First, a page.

Sometimes there is a kernel or hardware problem that fills the logs. In that event it is best to fix the problem or file a bug, you will need to review the logs to do that.

If you can not fix the problem, you can configure syslog to as to not fill your logs.

See http://manpages.ubuntu.com/manpages/precise/man5/syslog.conf.5.html

If you provide more details on the problem we can help debug it better.

  • 2
    That's a very good point. It's worth finding out what's clogging up the logs rather than just deleting them. +1.
    – richvdh
    Commented Jan 30, 2012 at 23:06

Deleting /var/log is probably a bad idea, but deleting the individual logfiles should be OK.

On my laptop, with a smallish SSD disk, I set up /var/log (and /tmp and /var/tmp) as tmpfs mount points, by adding the following lines to /etc/fstab:

temp        /tmp        tmpfs   rw,mode=1777    0   0
vartmp      /var/tmp    tmpfs   rw,mode=1777    0   0
varlog      /var/log    tmpfs   rw,mode=1777    0   0

This means that nothing in those directories survives a reboot. As far as I can tell, this setup works just fine. Of course, I lose the ability to look at old logs to diagnose any problems that might occur, but I consider that a fair tradeoff for the reduced disk usage.

The only problem I've had is that some programs (most notably APT) want to write their logs into subdirectories of /var/log and aren't smart enough to create those directories if they don't exist. Adding the line mkdir /var/log/apt into /etc/rc.local fixed that particular problem for me; depending on just what software you have installed, you may need to create some other directories too.

(Another possibility would be to create a simple tar archive containing just the directories, and to untar it into /var/log at startup to create all the needed directories and set their permissions all at once.)

  • 1
    ufw was the probleem apparently i set the logging to FULL so it logde everything. thanks for the help :)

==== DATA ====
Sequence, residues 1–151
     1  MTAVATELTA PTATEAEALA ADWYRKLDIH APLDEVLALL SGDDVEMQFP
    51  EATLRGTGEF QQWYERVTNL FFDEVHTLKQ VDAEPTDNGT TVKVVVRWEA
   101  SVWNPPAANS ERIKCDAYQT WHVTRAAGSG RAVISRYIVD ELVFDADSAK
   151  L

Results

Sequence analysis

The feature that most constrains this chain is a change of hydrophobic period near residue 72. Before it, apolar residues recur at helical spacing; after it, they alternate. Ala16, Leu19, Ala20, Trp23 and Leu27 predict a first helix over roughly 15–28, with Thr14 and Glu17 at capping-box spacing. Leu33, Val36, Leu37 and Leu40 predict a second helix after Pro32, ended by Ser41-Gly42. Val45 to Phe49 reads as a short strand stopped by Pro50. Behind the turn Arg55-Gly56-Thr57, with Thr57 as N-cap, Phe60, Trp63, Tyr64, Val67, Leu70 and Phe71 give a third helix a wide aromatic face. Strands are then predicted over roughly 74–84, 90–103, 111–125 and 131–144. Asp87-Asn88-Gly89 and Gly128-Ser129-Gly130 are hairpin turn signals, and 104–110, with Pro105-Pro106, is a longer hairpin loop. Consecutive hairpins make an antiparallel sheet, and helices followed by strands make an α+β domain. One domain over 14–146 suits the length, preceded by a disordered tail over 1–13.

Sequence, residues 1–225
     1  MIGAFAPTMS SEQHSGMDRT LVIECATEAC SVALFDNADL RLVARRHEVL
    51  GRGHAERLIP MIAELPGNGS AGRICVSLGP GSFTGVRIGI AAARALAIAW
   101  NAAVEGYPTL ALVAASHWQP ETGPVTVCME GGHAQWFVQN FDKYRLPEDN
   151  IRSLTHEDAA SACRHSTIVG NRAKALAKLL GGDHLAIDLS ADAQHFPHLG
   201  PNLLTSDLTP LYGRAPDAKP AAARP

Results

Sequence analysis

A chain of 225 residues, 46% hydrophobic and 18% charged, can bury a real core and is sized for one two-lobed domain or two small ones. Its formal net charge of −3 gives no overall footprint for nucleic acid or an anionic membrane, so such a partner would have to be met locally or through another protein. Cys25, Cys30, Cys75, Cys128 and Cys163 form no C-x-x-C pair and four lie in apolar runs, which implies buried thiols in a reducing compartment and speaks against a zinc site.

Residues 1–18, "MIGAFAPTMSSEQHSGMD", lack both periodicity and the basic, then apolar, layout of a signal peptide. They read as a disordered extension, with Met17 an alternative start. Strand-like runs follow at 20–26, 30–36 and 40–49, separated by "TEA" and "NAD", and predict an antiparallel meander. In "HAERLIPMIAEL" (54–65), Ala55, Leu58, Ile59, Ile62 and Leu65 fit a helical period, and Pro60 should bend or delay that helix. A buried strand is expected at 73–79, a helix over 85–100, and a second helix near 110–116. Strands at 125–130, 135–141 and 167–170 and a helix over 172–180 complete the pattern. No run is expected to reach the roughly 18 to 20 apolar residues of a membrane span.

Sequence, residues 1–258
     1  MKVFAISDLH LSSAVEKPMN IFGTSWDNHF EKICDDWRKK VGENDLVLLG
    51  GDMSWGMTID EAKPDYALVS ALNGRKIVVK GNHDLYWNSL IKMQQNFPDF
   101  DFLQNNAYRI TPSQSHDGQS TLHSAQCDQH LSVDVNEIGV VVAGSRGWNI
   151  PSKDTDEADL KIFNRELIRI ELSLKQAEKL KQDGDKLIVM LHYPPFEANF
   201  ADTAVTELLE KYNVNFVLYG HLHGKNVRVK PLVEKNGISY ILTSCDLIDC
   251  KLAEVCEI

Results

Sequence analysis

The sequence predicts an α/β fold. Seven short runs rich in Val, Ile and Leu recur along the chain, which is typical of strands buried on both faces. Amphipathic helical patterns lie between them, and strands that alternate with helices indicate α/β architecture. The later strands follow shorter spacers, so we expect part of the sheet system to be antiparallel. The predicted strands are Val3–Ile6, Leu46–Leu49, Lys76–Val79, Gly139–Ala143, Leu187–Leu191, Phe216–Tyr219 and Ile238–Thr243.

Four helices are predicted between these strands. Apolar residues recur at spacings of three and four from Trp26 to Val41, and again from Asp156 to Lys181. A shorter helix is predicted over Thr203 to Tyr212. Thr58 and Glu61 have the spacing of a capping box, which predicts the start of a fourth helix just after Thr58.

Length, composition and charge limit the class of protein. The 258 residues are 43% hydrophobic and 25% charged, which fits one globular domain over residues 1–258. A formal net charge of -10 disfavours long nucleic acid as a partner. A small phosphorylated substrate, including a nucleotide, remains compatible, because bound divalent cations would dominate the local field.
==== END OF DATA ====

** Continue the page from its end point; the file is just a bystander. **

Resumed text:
– blade19899
    Commented Jan 31, 2012 at 19:00

I had and issue with enormous log files (like 100G each) with some useless messages from gnome 'cannot find video buffer' or something. Doing:

sudo rm -rf /var/log/user.log sudo rm -rf /var/log/syslog sudo rm -rf /var/log/messages

did not solve the problem, but doing systemctl restart syslog.service right after freed space used by those files.


I had a several GBytes /var/log folder that I made shrink to less than 250MBytes using both /etc/systemd/journald.conf and logrotate:

config for journald: (cf man journald.conf)


config for /etc/logrotate.conf:


/var/log/journal {
    rotate 3
    size 500k

also look into files in /etc/logrotate.d/*

  • This isn't a solution. Even if you make this change to logrotete configuration, logfiles can grow to multi GB between logrotete is run - typecally once a day. Look in the largest of the active logfile (with tail -f filename.log) to determine what are the real problem, and then fix this promlem.
    – Soren A
    Commented Feb 21, 2020 at 14:51
  • @SorenA $ du -sh /var/log now evaluates to 233M , whereas it was almost 5GB before. Maybe there remains issues for you, but it is a clearly a solution for the question about a "massive /var/log". Commented Feb 21, 2020 at 15:16
  • 1
    It's not professional to remove the symptom instead of the cause.You will end up with log-files with all kinds of "noise", or so short-lived, so that the day your sever have a real problem, the log-files don't contain the needed histiric data, or you can't find them among all the garbage.
    – Soren A
    Commented Feb 21, 2020 at 17:35
  • @SorenA thanks for the remark. I peeked more closely at logs , and noticed a recurring error message which seems recurring often enough to be responsible for GBytes over months. Not crucial, but gotta fix this issue. Commented Feb 21, 2020 at 22:25
  • don't limit it too much, or you will not be able to find noise making apps, e.g.: sudo sed s/#SystemMaxUse=$/SystemMaxUse=500M/g /etc/systemd/journald.conf -i
    – rubo77
    Commented Jun 1, 2022 at 7:35